A Dutch euthanasia doctor has been rebuked by a Regional Review Committee after she gave a lethal injection to a demented patient who appeared to be struggling to stop the procedure.
The incident emerged when the Regional Review Committee released euthanasia case reports on January 1. This was Verdict 2016-85.
Here is what happened. An 80-year-old woman with dementia entered a nursing home because her husband could no longer care for her. When the woman was still lucid she expressed two wishes: (a) not to go into a "home for demented elderly" and (b) to be euthanised "when I myself find it the right time". Only the second wish was honoured.
She was unhappy in the nursing home and wandered the corridors at night. After seven weeks of this, the nursing home doctor decided that she must be suffering unbearably. Based on her previous statements, the doctor decided that euthanasia was appropriate.
With members of her family in attendance, the doctor approached to give her a lethal injection. The woman was agitated, so the doctor slipped a sedative into her coffee. This did not work, so she gave her an injection. With all these drugs, the woman dosed off.
But when the needle for the lethal injection appeared, she started to struggle. The doctor had to ask the family members to hold her down so that she could continue with the injection. The woman died soon afterwards.
The review committee said the doctor acted in good faith, but that she had erred in several respects. First, she was deceptive when she drugged the woman’s the coffee. Second, she should have stopped when the woman started to resist. Third, the wording of the advance directive was not clear enough and did not authorise the doctor to perform euthanasia.
The Committee recommended that the case should go to court to clarify whether the doctor acted properly.
Outside of the Netherlands, news of this case was received with consternation because coercion was involved. However, this was just one of many, many cases which raise questions about the euthanasia of patients and psychiatric disorders.
Verdict 2016-18, for instance, involved a very cranky man with early Alzheimer’s. The dementia clause in his advance directive was hand-written. By him? It is not clear how the doctors established that it was by his own hand. But they saw “no reasonable alternative”.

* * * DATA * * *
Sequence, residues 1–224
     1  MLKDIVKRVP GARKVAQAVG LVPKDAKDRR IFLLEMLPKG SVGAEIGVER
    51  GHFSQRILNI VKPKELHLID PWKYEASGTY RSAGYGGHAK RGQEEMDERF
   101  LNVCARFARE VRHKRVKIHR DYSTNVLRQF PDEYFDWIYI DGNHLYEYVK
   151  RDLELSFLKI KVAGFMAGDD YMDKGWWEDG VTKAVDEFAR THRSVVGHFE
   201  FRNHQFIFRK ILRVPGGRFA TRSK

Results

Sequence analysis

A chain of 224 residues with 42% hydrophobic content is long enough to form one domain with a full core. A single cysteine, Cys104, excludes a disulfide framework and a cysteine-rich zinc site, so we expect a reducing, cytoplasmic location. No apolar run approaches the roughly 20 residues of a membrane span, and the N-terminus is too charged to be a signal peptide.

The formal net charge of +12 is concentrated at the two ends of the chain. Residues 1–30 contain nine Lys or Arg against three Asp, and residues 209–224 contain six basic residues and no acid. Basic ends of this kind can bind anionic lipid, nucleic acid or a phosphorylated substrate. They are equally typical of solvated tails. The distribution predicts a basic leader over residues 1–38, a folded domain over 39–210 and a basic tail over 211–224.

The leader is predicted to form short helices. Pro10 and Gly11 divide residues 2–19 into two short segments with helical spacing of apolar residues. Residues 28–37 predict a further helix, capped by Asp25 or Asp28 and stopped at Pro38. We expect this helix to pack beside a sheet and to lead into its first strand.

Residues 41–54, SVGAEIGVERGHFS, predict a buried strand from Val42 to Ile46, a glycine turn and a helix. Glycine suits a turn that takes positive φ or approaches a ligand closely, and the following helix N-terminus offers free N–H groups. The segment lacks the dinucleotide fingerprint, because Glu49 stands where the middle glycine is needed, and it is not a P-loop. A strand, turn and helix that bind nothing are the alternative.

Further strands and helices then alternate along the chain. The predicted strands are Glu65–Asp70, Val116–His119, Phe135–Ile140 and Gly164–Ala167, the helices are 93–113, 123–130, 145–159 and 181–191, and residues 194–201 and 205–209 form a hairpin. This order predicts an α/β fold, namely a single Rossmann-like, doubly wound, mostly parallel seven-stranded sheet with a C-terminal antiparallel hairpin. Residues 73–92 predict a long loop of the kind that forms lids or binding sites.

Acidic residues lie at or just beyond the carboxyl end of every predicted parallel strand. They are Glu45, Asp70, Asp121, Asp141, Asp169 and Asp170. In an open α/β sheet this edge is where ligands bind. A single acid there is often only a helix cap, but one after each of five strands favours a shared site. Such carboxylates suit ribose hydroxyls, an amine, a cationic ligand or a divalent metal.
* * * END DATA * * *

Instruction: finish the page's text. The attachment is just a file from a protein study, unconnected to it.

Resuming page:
Verdict 2014-28 involved a man in his 50s who had suffered from burn-out for 20 years, with recurrent depression. He was gloomy, had problems with his eyesight and was increasingly dependent. He asked his doctor and his psychiatrist for euthanasia and they refused. He then applied to the Levenseindekliniek (end of life clinic) and their staff signed all the papers and euthanised him.
None of the reports are available in English. It would be very valuable if they were. The only ones which are reported in the Anglophone world are those which shock even the Dutch media.
We have introduced a new feature in BioEdge this week. It’s a new section called “In Depth”, where we plan to feature commentary, analysis, background and interviews.
This week Clark Hobson, of the University of Leicester, in the UK, argues that assisted suicide has a chance of becoming law in Britain through the courts, not through Parliament. In previous cases the courts have stated that Parliament must address the ban on assisted suicide appropriately. If it does not act, the Supreme Court might find that the ban infringes Article 8(1) of the European Convention of Human Rights (ECHR).
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